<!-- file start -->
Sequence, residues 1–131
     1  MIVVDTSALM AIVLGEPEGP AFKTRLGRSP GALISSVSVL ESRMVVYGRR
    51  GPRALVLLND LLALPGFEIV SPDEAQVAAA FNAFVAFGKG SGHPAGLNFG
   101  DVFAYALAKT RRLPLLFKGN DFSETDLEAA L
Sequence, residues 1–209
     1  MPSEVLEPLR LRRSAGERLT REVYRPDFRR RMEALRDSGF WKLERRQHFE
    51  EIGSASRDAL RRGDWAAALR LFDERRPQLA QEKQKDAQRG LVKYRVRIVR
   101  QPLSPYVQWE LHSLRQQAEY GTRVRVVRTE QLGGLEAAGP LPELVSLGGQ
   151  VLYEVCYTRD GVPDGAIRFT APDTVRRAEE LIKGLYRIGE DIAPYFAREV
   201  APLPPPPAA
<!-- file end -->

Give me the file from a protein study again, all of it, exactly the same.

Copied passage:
Sequence, residues 1–131
     1  MIVVDTSALM AIVLGEPEGP AFKTRLGRSP GALISSVSVL ESRMVVYGRR
    51  GPRALVLLND LLALPGFEIV SPDEAQVAAA FNAFVAFGKG SGHPAGLNFG
   101  DVFAYALAKT RRLPLLFKGN DFSETDLEAA L
Sequence, residues 1–209
     1  MPSEVLEPLR LRRSAGERLT REVYRPDFRR RMEALRDSGF WKLERRQHFE
    51  EIGSASRDAL RRGDWAAALR LFDERRPQLA QEKQKDAQRG LVKYRVRIVR
   101  QPLSPYVQWE LHSLRQQAEY GTRVRVVRTE QLGGLEAAGP LPELVSLGGQ
   151  VLYEVCYTRD GVPDGAIRFT APDTVRRAEE LIKGLYRIGE DIAPYFAREV
   201  APLPPPPAA